But first : You have to bear in mind that System X is just a generic term for a whole load of different switches from loads of different manafacturers including Bell Laboratories (5AESS), GEC Plessey Telecom (TXE) Erriccson (AXE10) and British Telecom (Smaller Concentrators, MUX's + various other shit).
Anyway, I'll try to answer in relation to what I already know, so
dont be surprised if some of what I drool on about is partially or maybe
even fully wrong.
Question one : The editor for use via the ISDX Terminals
I wasnt aware of the actual name of the terminals used, and I always thought
that ISDX was a simple PBX/Caller Handler system. We have an ISDX unit
installed in my local probation office, so I'll take a closer look next time
I'm dragged in there...
However, as you seem particularly engrossed in the AXE10 in particular,
The name of the Interface and Editor is FIOL. It is simply referred to as
the FIOL interface, and I cant remember exactly what FIOL stands for.
Any other questions regarding interfacing? Its such a wide topic that you
could write a book on it.
Question Two : Other ways to talk to System X
As in Terminal wise, or simply testing or other facilities like REMOB's?
Theres the 174/5/6 tests, and there is usually a gamut of other test numbers
specific to each exchange, for individual testing and evaluation.
As for programming via a keypad, well, wouldnt we ALL love to know how to do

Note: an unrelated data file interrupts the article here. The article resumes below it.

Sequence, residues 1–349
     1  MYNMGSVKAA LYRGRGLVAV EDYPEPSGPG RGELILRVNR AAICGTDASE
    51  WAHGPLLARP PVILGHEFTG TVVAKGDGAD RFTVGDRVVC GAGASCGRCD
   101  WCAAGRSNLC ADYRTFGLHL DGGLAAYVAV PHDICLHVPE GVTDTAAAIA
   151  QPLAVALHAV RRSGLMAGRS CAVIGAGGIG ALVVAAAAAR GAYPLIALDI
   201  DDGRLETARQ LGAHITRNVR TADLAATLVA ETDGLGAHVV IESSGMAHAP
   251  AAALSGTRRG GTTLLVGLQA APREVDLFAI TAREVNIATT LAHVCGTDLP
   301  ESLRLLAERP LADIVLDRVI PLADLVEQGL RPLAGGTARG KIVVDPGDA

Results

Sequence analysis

this? Im afraid I havent seen any paperwork referring to DTMF prognosis and
programming, but I'll keep scanning those patents and trashing those bins...
Question Three : How do you dial in?
Well, I dont work for BT, Contrary to Popular Belief and much to my personal
chagrin, so I cant really take it from that angle. I could quiz some
engineers, but I prefer not to mix with the enemy.
The switch can be accessed externally via the Operator SubSystem Dial-in,
a fatal flaw in the System X's otherwise impenetrable armour. This will
then allow you to control all customer switching and routing, and perform
ALL the usual operator thingies you can do, including:
Providing Directory Enquiries Tracing calls Placing Trunk calls Re-allocating Numbers Blah, Blah, Blah
Basically, it provides you with all the power of a full external operator,
regardless of where you call in from. Sound like fun? Yeah, but just try
and find the frigging dial-up, esp. if you live in an area served by a
mucho large exchange. Also bear in mind that even when you connect
(Its 2400, 8N1, No protocol, by the way) It will just sit there waiting for
a specific wake up string. I'm still working on this, and have been since
I first trashed my local switch.
Question four : Monitoring
Hmmm. That sounds like an interesting method, but a little bit to complicated.
The way I've seen it done (I SWEAR to SATAN, I DONT work for British Telecom!)
is to access the MMI (Man Machine Interface, or : Terminal. Doh.) and
to issue the local test access command. You then set up a speech path,
enter the access group of the number, its last six digits (Its only a local
test) and then enter either its equipment number or directory number.
This will allow you to monitor all the stuff you never hear on a normal
call, like Equal Access codes, MF tones, blah, blah, as well as the
conversation. Very boring. You've heard one, you've heard em all.
If you want more info on call monitoring or listening, then download the file entitled "Its your line to the phone tappers". It details how a line was tapped at the MDF in the old exchanges, and how it is now routed to the listening station Next to Victoria Station in London, via a few simple MMI commands.